Another standout track on the EP is the low-key “Christmas In Hopetown” which Molly wrote with long-time songwriting partner Steve MacKinnon. While the song is rife with seasonal images, the singer uses a moment of solitude to reflect on life and deliver an inspirational message.

Molly Johnson - Photo by Chris Nicholls Photography
Molly Johnson – Photo by Chris Nicholls Photography

“When I was coming up with songs I was cognizant of not only what the holiday season was going to look like for us as a society, but I was also aware that not everybody celebrates Christmas. I was also really conscious of how lonely Christmas can be for people, regardless of COVID. Christmas means different things to different people and I’m always trying to figure out who I’m talking to.”

While thinking about the songs for this EP, Molly was also busy putting together the annual Kensington Market Jazz Festival which she co-founded in 2016.  Born and raised in Kensington Market, she speaks proudly about the festival which showcases hundreds of Toronto jazz artists in one of the city’s most vibrant neighbourhoods. Of course, this year’s festival went virtual which presented a whole new series of challenges for her.

“It was way more difficult to do virtually especially with promoters and bookers seeming to think that it’s easier because you don’t actually have to go anywhere,” she explains. “They try to pay you less but in fact, you’re now a television studio recording television shows. It’s bananas. We pivoted on Kensington Jazz pretty early to go online because our big deal was to keep the audience that we had fought so hard to get for our community. It took us four years to get 2,500 people at our festival daily and we couldn’t lose that.”

Molly Johnson - Photo by Chris Nicholls Photography
Molly Johnson – Photo by Chris Nicholls Photography

As mentioned, philanthropy has always been a big part of the singer’s life. Christmas is a time of giving and no-one has done more of it throughout her career than Molly Johnson.

“I was raised in the Sixties by American parents who had fled to Canada to escape the attitude that America displayed toward Black folks and mixed couples in particular,” she says. “My father would have been lynched in certain states when he married my mother. That’s not history, that’s like yesterday.  So I come by it naturally. The ability to take whatever spotlight that I have and shine it on those other than me will probably always be in my wheelhouse. I’m uncomfortable in that light as are many other Canadian artists. It’s kind of a Canadian thing. We quietly go about doing good. It’s in our DNA.”

Country Stuff

Dean Brody - Boys
Dean Brody – Boys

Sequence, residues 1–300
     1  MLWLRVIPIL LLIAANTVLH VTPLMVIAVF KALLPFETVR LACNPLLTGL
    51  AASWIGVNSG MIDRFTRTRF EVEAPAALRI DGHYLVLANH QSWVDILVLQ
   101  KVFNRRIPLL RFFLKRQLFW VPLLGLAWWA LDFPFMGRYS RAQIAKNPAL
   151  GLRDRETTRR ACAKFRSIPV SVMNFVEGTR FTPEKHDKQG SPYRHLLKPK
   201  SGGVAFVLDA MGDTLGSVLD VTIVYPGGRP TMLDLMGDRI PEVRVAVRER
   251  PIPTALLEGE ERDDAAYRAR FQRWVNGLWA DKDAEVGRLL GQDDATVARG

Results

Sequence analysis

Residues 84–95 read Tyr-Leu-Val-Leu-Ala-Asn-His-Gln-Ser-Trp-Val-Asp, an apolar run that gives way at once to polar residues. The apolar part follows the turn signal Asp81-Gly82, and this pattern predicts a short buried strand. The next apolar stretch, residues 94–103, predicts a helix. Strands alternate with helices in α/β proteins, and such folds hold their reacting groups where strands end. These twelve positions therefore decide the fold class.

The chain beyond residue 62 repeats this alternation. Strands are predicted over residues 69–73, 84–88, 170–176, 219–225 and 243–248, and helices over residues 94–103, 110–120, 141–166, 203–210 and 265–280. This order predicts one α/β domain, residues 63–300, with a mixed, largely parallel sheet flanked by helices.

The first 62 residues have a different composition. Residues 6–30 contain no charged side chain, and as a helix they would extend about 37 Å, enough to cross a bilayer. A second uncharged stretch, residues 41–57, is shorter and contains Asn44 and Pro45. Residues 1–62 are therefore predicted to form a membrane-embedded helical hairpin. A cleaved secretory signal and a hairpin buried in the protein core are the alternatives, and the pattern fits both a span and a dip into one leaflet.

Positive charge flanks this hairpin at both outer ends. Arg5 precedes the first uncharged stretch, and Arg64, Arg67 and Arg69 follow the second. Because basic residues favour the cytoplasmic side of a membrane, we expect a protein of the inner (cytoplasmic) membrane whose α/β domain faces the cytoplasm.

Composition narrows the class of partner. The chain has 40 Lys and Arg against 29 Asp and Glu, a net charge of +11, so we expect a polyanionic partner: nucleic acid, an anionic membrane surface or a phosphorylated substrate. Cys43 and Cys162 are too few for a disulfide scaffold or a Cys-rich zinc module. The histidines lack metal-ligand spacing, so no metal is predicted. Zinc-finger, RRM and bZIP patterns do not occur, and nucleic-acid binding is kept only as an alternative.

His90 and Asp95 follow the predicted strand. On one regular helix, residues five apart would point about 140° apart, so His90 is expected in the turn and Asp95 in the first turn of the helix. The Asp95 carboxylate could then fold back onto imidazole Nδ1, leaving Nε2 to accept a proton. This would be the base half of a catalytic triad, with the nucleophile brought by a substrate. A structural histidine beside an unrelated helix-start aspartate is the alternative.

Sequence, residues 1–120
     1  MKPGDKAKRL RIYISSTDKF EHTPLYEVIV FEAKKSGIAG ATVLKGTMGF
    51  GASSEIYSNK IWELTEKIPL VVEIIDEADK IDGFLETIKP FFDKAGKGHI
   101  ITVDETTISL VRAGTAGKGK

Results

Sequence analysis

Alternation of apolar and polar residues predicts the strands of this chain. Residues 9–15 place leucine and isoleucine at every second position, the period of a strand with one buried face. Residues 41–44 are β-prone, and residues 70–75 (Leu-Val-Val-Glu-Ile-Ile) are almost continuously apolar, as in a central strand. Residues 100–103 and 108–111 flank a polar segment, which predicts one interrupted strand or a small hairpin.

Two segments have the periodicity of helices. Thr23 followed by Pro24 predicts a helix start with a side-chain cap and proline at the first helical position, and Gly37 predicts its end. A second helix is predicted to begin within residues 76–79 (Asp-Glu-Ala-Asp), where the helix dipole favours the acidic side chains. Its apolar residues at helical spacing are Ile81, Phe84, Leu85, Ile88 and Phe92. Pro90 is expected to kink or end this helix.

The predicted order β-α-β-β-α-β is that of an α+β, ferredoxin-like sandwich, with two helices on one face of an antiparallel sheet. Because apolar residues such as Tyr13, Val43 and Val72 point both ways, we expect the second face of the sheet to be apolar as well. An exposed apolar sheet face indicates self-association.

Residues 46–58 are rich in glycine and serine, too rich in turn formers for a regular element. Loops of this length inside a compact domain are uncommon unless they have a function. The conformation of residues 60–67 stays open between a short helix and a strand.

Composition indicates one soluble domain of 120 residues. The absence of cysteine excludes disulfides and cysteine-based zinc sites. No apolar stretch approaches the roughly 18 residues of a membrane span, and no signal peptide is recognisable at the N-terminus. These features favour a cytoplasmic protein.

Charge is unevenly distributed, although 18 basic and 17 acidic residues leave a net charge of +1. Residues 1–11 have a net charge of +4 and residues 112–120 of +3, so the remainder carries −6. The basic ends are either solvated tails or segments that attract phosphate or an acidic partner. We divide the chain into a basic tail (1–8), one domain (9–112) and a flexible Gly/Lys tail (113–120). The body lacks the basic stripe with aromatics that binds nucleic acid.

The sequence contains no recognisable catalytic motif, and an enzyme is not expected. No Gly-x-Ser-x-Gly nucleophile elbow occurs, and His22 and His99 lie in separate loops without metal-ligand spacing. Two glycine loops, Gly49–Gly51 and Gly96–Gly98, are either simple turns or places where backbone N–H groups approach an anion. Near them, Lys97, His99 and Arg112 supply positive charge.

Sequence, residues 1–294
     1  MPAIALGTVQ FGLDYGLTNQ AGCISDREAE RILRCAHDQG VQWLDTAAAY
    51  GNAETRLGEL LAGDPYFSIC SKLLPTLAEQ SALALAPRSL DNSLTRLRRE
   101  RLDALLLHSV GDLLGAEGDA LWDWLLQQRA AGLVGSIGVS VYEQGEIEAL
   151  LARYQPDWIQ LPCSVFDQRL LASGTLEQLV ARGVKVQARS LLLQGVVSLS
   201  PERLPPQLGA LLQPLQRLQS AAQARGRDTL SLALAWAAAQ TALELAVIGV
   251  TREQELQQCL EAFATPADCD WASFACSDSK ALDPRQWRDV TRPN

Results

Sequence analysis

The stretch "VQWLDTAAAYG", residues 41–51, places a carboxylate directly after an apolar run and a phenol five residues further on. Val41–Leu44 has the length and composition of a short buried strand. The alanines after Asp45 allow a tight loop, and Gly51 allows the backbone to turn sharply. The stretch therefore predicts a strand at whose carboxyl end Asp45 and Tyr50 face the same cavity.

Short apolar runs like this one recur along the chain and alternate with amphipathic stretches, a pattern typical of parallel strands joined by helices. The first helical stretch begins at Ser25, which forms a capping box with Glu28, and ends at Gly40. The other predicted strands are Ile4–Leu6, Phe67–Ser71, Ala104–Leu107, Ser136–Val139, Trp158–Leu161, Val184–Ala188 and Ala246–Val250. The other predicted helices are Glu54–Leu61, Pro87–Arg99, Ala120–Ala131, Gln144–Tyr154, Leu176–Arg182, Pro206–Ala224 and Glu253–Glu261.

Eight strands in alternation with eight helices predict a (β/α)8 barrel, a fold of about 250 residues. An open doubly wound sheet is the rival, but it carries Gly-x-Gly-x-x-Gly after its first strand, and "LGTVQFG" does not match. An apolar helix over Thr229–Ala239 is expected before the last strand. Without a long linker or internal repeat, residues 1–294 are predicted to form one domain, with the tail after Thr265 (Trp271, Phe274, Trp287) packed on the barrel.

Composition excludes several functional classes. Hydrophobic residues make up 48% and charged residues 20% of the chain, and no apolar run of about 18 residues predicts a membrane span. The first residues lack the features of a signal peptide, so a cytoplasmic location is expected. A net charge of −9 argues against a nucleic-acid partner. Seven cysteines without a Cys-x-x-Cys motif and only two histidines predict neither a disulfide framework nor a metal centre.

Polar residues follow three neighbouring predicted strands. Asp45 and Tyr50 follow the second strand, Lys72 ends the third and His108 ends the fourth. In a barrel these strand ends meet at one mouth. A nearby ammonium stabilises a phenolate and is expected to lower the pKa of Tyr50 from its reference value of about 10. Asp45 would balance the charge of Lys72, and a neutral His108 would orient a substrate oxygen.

A welcome year-end offering comes our way from Dean Brody who released his eighth album “Boys”, an emotion-filled, eight-song collection that takes fans on a journey with both upbeat party tracks and heartfelt love songs. Dean’s new single is the title track, which features a lovely duet with Mickey Guyton. “My fans and I have created so many happy memories together with music as the soundtrack and I wanted to be able to keep that going, particularly during these unprecedented times,” says Dean of the new release.

Owen Barney - Last Christmas
Owen Barney – Last Christmas

Toronto’s Owen Barney is back with the second half of a double shot. Just a month ago he released his sophomore EP “No Road Too Long”, which included his latest single “Pour Me,” a track that sees Barney reflect on tough times while finding comfort in a glass of liquid courage.  The collection also included his Top 20 hit from this past summer “Thank Her For That” and a new classic-country track “Make Your Night.” And, just in time for the holidays, he’s followed up that EP with a countrified version of Wham’s “Last Christmas”.


Album of the Year
It’s that time of year where everyone puts together their ‘best of’ list, but we’re going to forego our country favourite because Open Spaces talked to so many Canadian country artists with great releases that it’s just not possible to choose. When it comes to roots records, however, our runaway favourite was ‘Just Breathe’ by Toronto-based reggae singer Steele. The album features mostly original tunes like the uplifting lead-off track ‘Sweet Reggae Music’, but there are also a couple of tasty covers like his take on Johnny Nash’s ‘Hold Me Tight’. “Every album we do we try to give people familiarity, so we’ll do one or two cover versions,” he told G98.7’s Delroy G., who tends to spin a few Steele tunes on his Saturday afternoon Showcase program. “But 90% of the songs are written by Steele including the title track. Through all the turmoil we have to find time to take it easy, inhale and exhale, and just breathe”.

The Kings
The Kings

Worthiest Induction
Open Spaces
briefly relived its rock and roll glory days on the 40th anniversary of The Kings “This Beat Goes On/Switchin’ To Glide”, when the song was inducted into the Canadian Songwriters Hall of Fame. The virtual induction that aired on Breakfast Television Canada also included an amazing live-streamed performance by the band inside the newly renovated El Mocambo in Toronto. Hearty congrats.

Have a safe holiday, and Happy New Year, y’all.